On May 12, 2015, the SAUSD board was to vote to approve a contract with TFA for Special Education and other teachers to be placed in our district. Teachers and other community members rallied to communicate with the board and Superintendent our displeasure at this action. A few teachers were prepared to address the board in regards to this. Soon after the meeting began we were told that the item had been pulled from consideration for the evening. We see this as a temporary victory for our students and our district, on the other hand the debate is clearly not over until the full board votes to say no to Teach For America for our schools and particularly for our Special Education students. The amount of misinformation being given regarding this potential contract with TFA is astounding. Teachers and community members were sent a set of unsubstantiated claims regarding the nature of TFA and what they would provide the district. In the two short days since this has come up in my district we were told the following things:
- TFA teachers are credentialed
- TFA teachers will interview for positions and are not guaranteed a job
- TFA teachers hired will be SAUSD alumni
- The TFA teachers will not be hired if they are not the most qualified person applying for a position.
These rumors were spread in our community despite the fact that the actual TFA contract clearly states otherwise. Furthermore, it was very clear that these propositions are a departure from how TFA operates in other districts across the nation. Given the fact that powerful proponents are clearly not going to stop pushing TFA onto the district, I believe that there are very specific research-based components that SAUSD can require from TFA prior to signing a contract with them. It should be remembered that normally operating procedure for TFA is that districts are subjected to a mostly pre-written contract dictated primarily by TFA. Our community can take a stand and ask that Santa Ana principles be written into the TFA contract.
- TFA recruits will make a five year or more commitment to SAUSD in order to assure that the financial and non-financial investments being made in them by our community is utilized primarily for the benefit of students of SAUSD. The breadth of the research literature demonstrates that on average teachers become more effective over time with proper training and support.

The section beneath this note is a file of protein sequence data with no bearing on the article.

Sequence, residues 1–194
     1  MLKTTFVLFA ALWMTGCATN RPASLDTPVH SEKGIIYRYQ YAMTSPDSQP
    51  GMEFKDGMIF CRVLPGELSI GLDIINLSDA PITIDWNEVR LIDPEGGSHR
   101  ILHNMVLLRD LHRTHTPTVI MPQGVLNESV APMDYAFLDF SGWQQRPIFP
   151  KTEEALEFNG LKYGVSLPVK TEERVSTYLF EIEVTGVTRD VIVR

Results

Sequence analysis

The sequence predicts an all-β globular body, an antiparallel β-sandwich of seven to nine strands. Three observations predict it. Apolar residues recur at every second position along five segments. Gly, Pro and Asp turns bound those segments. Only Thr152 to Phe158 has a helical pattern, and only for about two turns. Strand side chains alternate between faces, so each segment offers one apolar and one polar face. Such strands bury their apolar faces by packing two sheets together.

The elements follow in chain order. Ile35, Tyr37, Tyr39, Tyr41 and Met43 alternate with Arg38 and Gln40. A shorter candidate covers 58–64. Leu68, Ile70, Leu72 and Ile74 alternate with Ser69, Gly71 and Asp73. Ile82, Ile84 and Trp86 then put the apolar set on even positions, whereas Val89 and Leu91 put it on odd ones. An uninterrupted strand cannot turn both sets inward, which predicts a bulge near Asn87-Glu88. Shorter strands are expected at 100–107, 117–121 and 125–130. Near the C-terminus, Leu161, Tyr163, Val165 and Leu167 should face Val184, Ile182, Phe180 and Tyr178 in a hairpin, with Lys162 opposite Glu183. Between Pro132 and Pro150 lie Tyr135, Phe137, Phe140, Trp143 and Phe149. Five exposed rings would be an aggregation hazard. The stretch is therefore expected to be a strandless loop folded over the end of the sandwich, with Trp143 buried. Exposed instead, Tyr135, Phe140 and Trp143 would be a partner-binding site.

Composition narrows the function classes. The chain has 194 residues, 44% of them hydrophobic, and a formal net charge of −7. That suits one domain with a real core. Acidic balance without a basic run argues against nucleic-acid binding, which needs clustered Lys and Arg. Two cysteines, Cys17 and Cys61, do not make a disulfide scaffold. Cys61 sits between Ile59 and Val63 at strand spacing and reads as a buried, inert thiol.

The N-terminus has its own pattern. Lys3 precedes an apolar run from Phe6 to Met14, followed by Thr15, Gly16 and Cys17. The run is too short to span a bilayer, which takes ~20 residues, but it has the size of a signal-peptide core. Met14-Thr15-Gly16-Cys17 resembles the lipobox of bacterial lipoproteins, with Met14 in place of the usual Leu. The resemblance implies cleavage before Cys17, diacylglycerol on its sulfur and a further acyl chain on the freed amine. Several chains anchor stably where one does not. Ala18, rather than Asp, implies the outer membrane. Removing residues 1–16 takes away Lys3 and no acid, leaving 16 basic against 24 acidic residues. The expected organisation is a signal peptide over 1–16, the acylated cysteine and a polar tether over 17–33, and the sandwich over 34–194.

- Instead of being contractually guaranteed a spot over other applicants, TFA recruits will be required to competitively interview for positions without special preference and must be deemed to be the most highly qualified and trained by building leaders and teachers in order to be selected for a position. TFA recruits will not be guaranteed a placement as has been the case in their contracts signed by other districts.
- TFA will not charge SAUSD a $2,000 finder’s fee for providing SAUSD resumes for TFA recruits to compete in the hiring pool so that the district can use the funds for other important purposes and priorities.
- All TFA recruits will be SAUSD alumni to promote school stability, community knowledge and professional longevity.
- All TFA recruits will be fully certified the day of classroom entry to teach in California schools. Emergency credentials and/or the weak “Highly Qualified” No Child Left Behind moniker will not suffice. Our MOST vulnerable children deserve the MOST qualified teachers.
These are the reforms that the TFA must implement for their model to be a viable part of our community instead of perpetuating longstanding challenges in our education system.
I think San Francisco, Santa Ana and Chula Vista could be very important in our ongoing national debate about Teach For America. In San Francisco, TFA was dealt a very modest setback as they were not allowed to increase their presence.
However, in Chula Vista, based on my reading of the context, there were several board members who have a very sophisticated understanding of the weaknesses of the temporary teacher model (See my piece Teach for America Is a Glorified Temp Agency in the New York Times) that TFA had pressed for about two decades. This is very important because you must do your homework to understand and be prepared for the very common, but weak, arguments TFA will make. (See also A Primer for Engaging Teach For America Supporters)
Finally, in Santa Ana, TFA was temporarily tabled due to community and Board member concern. It appears from the 10,000 views in two days for the post Action Alert: @TeachForAmerica wants to Blow into Santa Ana that went viral in the community and elsewhere in the lead up to the SAUSD Board vote on TFA. It’s the right strategy to give TFA a list of community priorities and require that they be included in their cookie cutter contracts. If TFA was actually willing to reform their reform and agree to the Santa Ana principles — most of the criticism of TFA would melt away. If they won’t agree to the Santa Ana principles, we should press them on who truly is the priority? TFA and their recruits or the communities and students…
See also two NEPC policy briefs examining all of the peer review research on the organization Teach For America: A review of the evidence and Teach For America: A Return to the Evidence (The Sequel)